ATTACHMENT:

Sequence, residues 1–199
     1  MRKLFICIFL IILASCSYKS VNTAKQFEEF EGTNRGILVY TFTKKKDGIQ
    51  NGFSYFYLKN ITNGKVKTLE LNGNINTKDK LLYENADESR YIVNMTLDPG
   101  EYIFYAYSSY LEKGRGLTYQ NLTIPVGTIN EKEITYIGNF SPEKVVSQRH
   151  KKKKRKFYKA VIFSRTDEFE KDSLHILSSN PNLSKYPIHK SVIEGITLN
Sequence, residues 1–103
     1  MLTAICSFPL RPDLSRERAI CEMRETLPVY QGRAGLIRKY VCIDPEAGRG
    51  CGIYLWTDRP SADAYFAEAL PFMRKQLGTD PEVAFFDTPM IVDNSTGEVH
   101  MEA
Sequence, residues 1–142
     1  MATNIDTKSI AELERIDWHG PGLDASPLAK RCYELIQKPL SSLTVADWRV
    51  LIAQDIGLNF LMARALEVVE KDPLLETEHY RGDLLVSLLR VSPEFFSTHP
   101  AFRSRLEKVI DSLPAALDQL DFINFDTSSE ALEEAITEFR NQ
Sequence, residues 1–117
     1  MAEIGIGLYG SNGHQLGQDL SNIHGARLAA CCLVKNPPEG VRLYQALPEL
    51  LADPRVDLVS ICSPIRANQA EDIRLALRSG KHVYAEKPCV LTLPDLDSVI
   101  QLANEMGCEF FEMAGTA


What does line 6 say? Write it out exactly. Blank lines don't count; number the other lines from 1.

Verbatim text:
Sequence, residues 1–103